Feature

Matters of the Heart

If you were at risk for a heart attack, would you want to know?

October 2008

It's a busy Tuesday night at Laudisio Italian restaurant in Boulder. A group of about 20 Front Range physicians has gathered in the restaurant's dimly lit private dining room and, over platefuls of penne pasta and salmon, they're watching Dr. William Blanchet give a detailed PowerPoint presentation. A Boulder-based internist, Blanchet has invited all of these doctors here tonight for one reason: By the time the cannoli are served for dessert, Blanchet hopes to convince these doctors that heart, lung, and colon scans can be good—and often lifesaving—for patients.

It's not always an easy sell. Computed tomography (CT or "Cat") scan technology first became available to Coloradans as a form of preventive medicine more than a decade ago. The high-tech X-rays make it possible for patients and their doctors to view detailed images of organs in search of abnormal polyps or coronary calcium buildup (an indicator of coronary heart disease), among other things. Because of advances in the technology in the last five years, scanning has become more commonplace.

But this has only added fuel to a fiery debate. The medical community simply disagrees on the efficacy of elective scanning. Some consider the method dangerous. Others see the scans as superfluous—a rich person's fad you might hear about on Oprah, but not a viable or necessary method for prevention. Still others think of scanning as a windfall for opportunistic doctors—a view perpetuated by the fact that scans are sometimes administered at tony medical boutiques—and often aren't covered by insurance plans.

Blanchet, who's 54, is well aware of these arguments. At first, he wasn't exactly a believer himself. "I initially believed my cardiology colleagues who told me that it was sketchy technology," says Blanchet. But his mind changed four years ago when he was invited to a similar pro-scan lecture put on by another doctor. "I went there to heckle," he admits, "but I stayed to pray." Not long after, he spent almost $1 million on an Electron Beam CT (EBCT) heart scan and a four-slice helical scan for virtual colonoscopy, and opened the Front Range Preventive Imaging clinic in Boulder. He's also the new medical director for Colorado Heart & Body Imaging in Denver.

His two-hour lecture sometimes borders on evangelistic: Blanchet lets loose with phrases like, "This study really kicks ass," or "Who here thinks I am a heretic?" But the information Blanchet has gathered from medical journals and peer-reviewed studies—particularly statistics on heart disease, the country's number one killer—gives viewers pause, no matter where they stand on the controversy. The presentation is so persuasive, in fact, that it begs a question for both doctors and their patients: If you were at risk for a heart attack, would you want to know?

The American Heart Association reports that 38 percent of all Americans die from heart disease. More staggering, perhaps, is that for more than half of these people (that's 150,000 people a year) their first warning symptom of heart disease is sudden death—no chest pain, no shortness of breath, no warning. This past summer, celebrated NBC newsman Tim Russert died from an unexpected heart attack while preparing for an episode of Meet the Press. In the days before his heart attack, he'd exercised, symptom-free, and only six weeks before his death he had passed an exercise stress test. These tests, commonly administered by internists or cardiologists, look for abnormalities that might suggest blockage in the coronary arteries.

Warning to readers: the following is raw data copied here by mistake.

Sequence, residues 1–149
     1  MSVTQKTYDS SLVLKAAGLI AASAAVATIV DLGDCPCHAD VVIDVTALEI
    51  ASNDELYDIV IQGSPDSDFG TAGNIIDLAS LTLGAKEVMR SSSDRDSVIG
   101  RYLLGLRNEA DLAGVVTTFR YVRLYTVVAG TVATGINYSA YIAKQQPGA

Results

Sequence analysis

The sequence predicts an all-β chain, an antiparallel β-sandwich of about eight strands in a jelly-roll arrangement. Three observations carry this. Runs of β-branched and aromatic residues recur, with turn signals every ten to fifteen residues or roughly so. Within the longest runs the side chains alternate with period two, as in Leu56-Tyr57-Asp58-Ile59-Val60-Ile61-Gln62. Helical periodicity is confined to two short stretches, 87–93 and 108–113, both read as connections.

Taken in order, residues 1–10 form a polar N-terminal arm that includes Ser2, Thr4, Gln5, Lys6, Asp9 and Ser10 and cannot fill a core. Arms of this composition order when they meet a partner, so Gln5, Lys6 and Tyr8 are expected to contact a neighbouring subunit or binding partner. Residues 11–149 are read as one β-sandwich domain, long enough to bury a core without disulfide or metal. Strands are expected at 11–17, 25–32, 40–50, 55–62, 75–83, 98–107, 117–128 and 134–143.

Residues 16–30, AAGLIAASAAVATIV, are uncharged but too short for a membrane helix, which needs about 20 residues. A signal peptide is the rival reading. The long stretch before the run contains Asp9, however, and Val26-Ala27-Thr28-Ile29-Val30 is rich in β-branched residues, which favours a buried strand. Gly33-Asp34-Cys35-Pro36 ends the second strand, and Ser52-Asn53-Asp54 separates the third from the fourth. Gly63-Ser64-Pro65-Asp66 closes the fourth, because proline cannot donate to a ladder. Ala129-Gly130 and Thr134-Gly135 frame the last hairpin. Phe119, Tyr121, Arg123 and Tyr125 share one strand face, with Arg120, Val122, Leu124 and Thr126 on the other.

Stress tests are just one of several tools in a doctor's repertoire for detecting heart disease. Physicians also rely on the Framingham risk assessment score (named after an in-depth heart study out of Framingham, Massachusetts). Under Framingham, a patient is labeled with low, intermediate, or high risk for coronary heart disease based on age, gender, cholesterol levels, family history, blood pressure, or a history of diabetes or smoking. "These risk projections are regarded by cardiologists as useful when selecting the most appropriate candidates for medications, such as cholesterol-lowering statins [like Lipitor or Zocor]," says Dr. Brian Lyle, a cardiologist with Rocky Mountain Cardiology.

According to Blanchet, however, these tests alone are insufficient. "Sixty-two percent of men who suffer heart attacks," he says, citing a 2003 study from the Journal of the American Medical Association, "would not be at risk according to Framingham." Furthermore, a 2004 study by the Journal of the American College of Cardiology found that 80 percent of people who are at risk for heart disease will pass a nuclear stress test, in which a doctor injects a dye into the bloodstream and then takes pictures of the heart to check blood flow. Nearly 86 percent of heart attacks occur in vessels deemed normal by exercise stress tests, just like the one Russert passed.

Why the disconnect? It has to do with what actually causes heart attacks, says Blanchet. Heart attacks happen most often when plaque—a mix of fat, cholesterol, and calcium that builds up along the heart's arterial wall—ruptures or bursts. Therefore, just having plaque alone puts someone at risk for a heart attack. It doesn't matter, necessarily, what percentage of the arteries are blocked (which is what stress tests measure). And it doesn't matter, necessarily, how many compounded risk factors you have based on your lifestyle (what Framingham measures).

Heart scans, also called coronary calcium scores, have the ability to pick up where the traditional tests fail by detecting early-onset plaque buildup—before it bursts with deadly results.

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